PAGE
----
Science News Roundup: Israeli firm uses air and water to store solar energy for nighttime; NASA’s Webb telescope promises an ‘amazing journey’ for astronomy and more – Devdiscourse
Following is a summary of current science news briefs.
Israeli firm uses air and water to store solar energy for nighttime
The southern tip of Israel is a rocky desert where solar panels are abundant and the sun, when shining, is the source of nearly all electricity. Once it sets, however, the grid shifts back to fossil fuels to generate power. Renewable energy from solar and wind-powered systems cannot be stored without extra cost – a major obstacle in the world’s efforts to tear itself away from polluting fuels and avoid a climate catastrophe.
NASA’s Webb telescope promises an ‘amazing journey’ for astronomy
It was finished years late at a cost far higher than planned, but NASA’s James Webb Space Telescope due for launch next week may usher in a new era in astronomy as it gathers information on the universe’s earliest stages, star formation, and whether planets beyond our solar system may be suitable for life. The orbiting infrared observatory, designed to be about 100 times more sensitive than its Hubble Space Telescope predecessor, is due to blast off on Dec. 22 on an Ariane 5 rocket from a site in French Guiana on South America’s northeastern coast.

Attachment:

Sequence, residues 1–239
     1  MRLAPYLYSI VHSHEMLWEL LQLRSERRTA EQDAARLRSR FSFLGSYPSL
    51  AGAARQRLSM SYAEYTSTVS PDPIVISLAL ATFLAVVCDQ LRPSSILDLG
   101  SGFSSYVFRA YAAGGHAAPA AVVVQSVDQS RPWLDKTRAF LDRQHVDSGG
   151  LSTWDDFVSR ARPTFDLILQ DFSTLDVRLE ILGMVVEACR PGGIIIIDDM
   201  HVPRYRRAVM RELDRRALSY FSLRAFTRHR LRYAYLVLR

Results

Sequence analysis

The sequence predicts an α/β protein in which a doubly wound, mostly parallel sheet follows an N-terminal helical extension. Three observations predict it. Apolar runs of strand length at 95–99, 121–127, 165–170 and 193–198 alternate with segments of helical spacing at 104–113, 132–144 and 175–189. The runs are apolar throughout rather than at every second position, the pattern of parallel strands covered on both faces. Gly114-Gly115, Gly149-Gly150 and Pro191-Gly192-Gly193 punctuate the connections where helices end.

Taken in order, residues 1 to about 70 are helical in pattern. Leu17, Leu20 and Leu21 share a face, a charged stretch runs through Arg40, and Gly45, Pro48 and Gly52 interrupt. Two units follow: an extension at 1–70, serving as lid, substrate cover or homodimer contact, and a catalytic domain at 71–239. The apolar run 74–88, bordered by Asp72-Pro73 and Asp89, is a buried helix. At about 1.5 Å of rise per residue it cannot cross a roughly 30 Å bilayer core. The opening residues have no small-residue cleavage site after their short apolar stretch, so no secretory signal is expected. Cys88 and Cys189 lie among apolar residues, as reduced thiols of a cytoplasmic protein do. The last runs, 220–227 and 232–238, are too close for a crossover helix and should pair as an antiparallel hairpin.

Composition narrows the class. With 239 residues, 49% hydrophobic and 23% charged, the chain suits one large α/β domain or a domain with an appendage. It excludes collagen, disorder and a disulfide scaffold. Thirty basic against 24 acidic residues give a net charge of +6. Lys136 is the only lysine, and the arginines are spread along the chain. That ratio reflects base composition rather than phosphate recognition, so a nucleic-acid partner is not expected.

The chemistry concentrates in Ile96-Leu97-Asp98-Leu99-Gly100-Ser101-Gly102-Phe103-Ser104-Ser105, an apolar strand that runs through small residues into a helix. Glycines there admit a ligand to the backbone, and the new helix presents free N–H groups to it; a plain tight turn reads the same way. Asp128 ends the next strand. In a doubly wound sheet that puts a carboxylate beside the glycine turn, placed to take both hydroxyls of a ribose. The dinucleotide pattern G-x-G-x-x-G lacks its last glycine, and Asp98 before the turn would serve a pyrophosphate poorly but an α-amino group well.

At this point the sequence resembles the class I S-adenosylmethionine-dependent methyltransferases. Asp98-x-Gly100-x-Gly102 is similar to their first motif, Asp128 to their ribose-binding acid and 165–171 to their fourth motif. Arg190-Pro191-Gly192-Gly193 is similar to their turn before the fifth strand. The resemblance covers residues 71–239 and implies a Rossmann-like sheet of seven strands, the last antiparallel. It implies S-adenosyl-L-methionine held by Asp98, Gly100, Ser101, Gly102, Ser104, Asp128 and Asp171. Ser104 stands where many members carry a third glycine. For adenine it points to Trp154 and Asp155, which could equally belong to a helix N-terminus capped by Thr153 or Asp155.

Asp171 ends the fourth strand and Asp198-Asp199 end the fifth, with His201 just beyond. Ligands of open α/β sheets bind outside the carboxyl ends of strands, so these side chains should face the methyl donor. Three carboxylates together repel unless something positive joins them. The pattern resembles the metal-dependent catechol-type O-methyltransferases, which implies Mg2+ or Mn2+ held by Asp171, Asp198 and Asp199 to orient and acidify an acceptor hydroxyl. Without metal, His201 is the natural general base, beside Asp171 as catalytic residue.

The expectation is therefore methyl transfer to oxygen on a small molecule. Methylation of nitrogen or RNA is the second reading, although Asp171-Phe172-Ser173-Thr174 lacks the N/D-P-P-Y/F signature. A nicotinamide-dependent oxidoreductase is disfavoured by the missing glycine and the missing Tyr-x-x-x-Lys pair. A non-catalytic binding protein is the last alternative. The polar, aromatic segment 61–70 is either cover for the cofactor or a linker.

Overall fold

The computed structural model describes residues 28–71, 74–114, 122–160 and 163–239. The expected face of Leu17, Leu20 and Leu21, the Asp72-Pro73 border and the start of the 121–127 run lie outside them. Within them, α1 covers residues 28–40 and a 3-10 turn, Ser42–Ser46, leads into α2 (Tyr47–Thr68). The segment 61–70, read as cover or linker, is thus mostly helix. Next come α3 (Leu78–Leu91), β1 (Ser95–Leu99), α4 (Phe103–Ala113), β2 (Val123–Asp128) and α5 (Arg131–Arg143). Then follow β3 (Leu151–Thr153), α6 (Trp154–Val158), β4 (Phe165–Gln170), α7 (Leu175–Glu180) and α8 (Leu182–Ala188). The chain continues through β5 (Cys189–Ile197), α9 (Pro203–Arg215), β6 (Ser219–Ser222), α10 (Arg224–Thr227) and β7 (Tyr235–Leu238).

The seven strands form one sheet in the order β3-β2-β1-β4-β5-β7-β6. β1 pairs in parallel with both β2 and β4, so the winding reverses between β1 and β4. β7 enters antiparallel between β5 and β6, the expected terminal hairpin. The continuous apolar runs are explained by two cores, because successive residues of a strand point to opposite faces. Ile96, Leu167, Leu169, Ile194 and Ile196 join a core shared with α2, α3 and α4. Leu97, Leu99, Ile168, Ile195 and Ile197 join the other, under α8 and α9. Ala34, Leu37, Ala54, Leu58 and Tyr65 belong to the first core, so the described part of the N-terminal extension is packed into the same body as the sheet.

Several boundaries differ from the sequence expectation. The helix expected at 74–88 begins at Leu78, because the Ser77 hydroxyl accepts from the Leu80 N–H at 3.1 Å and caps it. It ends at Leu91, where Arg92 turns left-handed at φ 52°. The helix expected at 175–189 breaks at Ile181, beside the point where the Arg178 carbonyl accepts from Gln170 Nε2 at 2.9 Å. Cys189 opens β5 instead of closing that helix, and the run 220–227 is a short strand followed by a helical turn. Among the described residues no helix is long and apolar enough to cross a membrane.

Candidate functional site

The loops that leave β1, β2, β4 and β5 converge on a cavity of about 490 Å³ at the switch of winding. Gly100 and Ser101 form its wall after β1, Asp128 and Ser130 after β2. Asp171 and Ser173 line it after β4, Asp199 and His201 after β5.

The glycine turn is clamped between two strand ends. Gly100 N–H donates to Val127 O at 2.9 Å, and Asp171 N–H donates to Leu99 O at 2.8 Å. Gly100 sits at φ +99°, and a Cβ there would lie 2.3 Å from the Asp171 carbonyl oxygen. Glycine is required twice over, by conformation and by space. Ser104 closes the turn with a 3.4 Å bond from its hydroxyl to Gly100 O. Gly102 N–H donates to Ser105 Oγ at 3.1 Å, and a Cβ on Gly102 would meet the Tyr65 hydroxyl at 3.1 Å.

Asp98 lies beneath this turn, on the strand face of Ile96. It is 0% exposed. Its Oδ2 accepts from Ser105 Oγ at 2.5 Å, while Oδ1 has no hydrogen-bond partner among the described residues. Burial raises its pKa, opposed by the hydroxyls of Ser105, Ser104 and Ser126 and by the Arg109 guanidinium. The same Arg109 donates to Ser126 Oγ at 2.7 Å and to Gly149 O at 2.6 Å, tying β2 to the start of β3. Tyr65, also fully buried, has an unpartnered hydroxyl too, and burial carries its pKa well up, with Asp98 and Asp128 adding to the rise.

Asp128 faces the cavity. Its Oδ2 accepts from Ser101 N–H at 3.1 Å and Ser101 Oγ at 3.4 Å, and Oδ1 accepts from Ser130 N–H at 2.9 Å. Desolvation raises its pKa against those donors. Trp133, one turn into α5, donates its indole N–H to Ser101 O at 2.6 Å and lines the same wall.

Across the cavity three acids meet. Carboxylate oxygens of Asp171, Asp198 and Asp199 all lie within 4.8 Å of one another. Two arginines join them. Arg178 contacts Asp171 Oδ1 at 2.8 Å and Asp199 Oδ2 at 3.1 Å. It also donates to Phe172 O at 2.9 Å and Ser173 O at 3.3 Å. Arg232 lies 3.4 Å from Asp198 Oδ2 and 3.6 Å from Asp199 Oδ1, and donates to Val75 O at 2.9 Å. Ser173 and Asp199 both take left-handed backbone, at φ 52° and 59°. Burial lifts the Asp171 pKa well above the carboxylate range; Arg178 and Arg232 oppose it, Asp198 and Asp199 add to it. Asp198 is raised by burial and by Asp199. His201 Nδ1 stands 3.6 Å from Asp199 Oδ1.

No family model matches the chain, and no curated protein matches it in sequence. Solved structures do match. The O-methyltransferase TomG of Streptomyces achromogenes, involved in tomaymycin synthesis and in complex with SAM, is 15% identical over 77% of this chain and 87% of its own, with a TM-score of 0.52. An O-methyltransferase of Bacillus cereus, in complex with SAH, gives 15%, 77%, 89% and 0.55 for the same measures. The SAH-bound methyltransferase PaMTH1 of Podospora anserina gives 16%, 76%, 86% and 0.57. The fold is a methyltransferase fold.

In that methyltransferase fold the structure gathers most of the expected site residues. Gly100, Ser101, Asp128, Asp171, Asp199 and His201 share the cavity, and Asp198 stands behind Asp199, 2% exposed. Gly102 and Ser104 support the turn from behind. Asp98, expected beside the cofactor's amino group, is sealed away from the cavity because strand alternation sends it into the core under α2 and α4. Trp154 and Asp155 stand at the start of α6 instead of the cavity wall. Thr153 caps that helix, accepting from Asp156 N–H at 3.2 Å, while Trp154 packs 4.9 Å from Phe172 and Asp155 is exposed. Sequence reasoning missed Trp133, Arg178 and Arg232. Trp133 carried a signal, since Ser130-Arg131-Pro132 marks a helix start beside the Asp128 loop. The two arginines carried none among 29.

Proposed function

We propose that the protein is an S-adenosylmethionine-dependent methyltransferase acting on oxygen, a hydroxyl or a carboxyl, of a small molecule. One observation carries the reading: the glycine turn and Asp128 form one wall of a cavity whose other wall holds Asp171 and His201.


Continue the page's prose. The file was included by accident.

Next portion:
Geologists uncover ‘treasure trove’ of dinosaur tracks in Poland
Hundreds of dinosaur footprints, so well-preserved that even the scaly skin can be seen, have been found in Poland, giving an insight into a complex ecosystem around 200 million years ago, geologists said. Described by the Polish Geological Institute-National Research Institute as a treasure trove, the fossilised tracks and bones were found in an opencast clay mine in Borkowice, 130 km (80 miles) south of Warsaw.
Vaccines appear weak at blocking Omicron infection; shots may reduce long COVID burden
The following is a summary of some recent studies on COVID-19. They include research that warrants further study to corroborate the findings and that has yet to be certified by peer review. Vaccines appear weak vs Omicron infection, better vs severe disease
U.S. Space Force holds war game to test satellite network under attack
The United States is testing satellite resiliency to threats from China and Russia miles above the earth’s surface, just weeks after Russia shot down an aging communications satellite. The computer-aided simulations included potential shooting down of U.S. missile-tracking satellites, satellite jamming, and other electronic warfare “effects” that are possible tactics in space warfare. Actual satellites are not used.
Low staff vaccination tied to nursing home COVID deaths; experimental vaccine targets multiple coronaviruses
The following is a summary of some recent studies on COVID-19. They include research that warrants further study to corroborate the findings and that has yet to be certified by peer review. Staff vaccination rates tied to nursing home COVID-19 deaths
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